2.3.3Ecolabelling reporting

Article 36 of the CMO Regulation required the Commission to submit a report to the European Parliament and the Council on options for an EU-wide eco-label scheme for FAPs. The Commission adopted the report in May 2016.

The report highlighted a number of issues linked to eco-labels. First, for an eco-label to be credible, there must be a robust certification process. Second, the perceived proliferation of eco-labels and the parallel use of other communication tools may lead to consumer confusion. Finally, costs linked to certification may be substantial for producers while the sale of eco-labelled products may create new markets for products.

On this basis, the Commission report set out two options for potential policy action:

·setting up a self-standing EU-wide eco-label scheme for FAPs; or 

·setting minimum requirements for private eco-labels in terms of sustainability criteria and the underlying certification process.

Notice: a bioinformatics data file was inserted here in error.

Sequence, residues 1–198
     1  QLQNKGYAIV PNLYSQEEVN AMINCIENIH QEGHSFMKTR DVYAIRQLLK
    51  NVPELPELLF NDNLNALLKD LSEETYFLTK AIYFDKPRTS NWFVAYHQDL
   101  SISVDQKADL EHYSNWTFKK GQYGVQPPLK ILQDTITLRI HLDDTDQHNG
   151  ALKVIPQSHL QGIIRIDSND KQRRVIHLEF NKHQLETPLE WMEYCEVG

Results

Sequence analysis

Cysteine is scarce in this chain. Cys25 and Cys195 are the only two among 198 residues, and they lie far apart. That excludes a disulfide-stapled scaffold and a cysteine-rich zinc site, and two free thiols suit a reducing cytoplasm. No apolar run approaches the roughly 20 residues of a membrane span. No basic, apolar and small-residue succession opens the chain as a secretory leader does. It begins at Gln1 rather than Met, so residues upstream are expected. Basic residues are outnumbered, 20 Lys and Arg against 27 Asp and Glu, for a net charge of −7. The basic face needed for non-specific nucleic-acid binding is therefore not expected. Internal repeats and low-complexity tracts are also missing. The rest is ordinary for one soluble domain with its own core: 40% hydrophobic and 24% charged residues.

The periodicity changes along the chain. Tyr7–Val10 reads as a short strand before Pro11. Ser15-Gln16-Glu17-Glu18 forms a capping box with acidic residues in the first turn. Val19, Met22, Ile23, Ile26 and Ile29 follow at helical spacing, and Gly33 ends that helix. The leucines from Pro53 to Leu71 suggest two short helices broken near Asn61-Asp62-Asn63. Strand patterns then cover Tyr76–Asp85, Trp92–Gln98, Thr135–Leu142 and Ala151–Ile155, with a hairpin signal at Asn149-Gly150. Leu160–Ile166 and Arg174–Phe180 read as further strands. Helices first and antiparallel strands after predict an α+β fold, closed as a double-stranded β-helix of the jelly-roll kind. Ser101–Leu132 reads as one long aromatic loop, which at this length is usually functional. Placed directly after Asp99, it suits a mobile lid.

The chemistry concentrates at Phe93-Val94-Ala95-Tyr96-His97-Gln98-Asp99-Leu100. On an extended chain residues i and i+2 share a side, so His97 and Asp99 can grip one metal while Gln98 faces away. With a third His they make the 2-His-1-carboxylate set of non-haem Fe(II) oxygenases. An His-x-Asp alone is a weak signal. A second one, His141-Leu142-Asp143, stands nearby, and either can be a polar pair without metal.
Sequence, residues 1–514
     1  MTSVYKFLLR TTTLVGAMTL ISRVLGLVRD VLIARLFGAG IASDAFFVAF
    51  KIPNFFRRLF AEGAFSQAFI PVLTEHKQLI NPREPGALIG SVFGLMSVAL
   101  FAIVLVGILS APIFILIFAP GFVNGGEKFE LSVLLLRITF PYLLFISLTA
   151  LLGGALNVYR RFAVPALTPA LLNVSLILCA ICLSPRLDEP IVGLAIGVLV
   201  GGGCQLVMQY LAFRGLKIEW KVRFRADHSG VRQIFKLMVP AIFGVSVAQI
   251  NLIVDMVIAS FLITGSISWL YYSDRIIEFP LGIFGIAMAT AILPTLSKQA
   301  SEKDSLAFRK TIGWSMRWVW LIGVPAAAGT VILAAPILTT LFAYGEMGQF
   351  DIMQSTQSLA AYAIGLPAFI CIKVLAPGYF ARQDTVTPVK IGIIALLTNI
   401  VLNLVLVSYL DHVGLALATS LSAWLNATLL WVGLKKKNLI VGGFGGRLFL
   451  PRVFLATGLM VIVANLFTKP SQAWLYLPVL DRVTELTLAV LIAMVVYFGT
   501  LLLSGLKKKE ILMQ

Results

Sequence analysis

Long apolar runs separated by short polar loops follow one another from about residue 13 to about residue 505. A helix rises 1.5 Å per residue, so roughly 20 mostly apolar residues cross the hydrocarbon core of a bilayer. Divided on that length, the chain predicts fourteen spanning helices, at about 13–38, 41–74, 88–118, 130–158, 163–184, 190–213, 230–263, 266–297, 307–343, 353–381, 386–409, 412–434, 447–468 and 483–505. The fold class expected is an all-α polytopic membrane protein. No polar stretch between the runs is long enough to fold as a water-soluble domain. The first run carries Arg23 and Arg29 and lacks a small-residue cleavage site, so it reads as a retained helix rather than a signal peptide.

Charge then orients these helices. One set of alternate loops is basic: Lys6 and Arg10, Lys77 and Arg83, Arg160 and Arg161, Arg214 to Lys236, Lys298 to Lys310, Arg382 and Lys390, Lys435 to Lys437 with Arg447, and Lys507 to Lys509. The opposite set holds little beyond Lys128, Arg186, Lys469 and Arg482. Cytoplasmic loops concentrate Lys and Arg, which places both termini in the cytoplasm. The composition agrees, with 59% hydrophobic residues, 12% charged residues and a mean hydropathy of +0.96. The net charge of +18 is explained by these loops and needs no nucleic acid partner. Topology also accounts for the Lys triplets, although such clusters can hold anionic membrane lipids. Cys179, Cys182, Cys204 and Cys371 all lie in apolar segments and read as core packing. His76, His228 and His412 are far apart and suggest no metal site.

In the European Parliament and the Council, views diverged on the report, and more specifically the preferred way forward. Consequently, the co-legislators ultimately dismissed the two policy options. In the meantime, the second option has been addressed more broadly by the Commission’s proposal on empowering consumers for the green transition 43 .

2.3.4Additional voluntary information

Article 39 of the CMO Regulation stipulates that the following information may be provided on a voluntary basis, in a clear, unambiguous and verifiable way:

·date of catch/harvest;

·date of landing or information on the port of landing;

·more details on the fishing gear;

·the vessels flag state;

·environmental information;

·ethical/social information;

·production techniques and practices; and

·nutritional content (only for unprocessed single-ingredient food 44 ).

This list is open and does not explicitly prohibit other possibilities.

The Special Eurobarometer survey on EU consumer habits regarding FAPs 45 shows that consumers interest in voluntary information is focused on the date of catch or production (76% of respondents), far ahead of any other information such as environmental information (44%), information on the ship’s country, on fishers or on farmers (33% each), or the port of landing or ethical information (26 % each).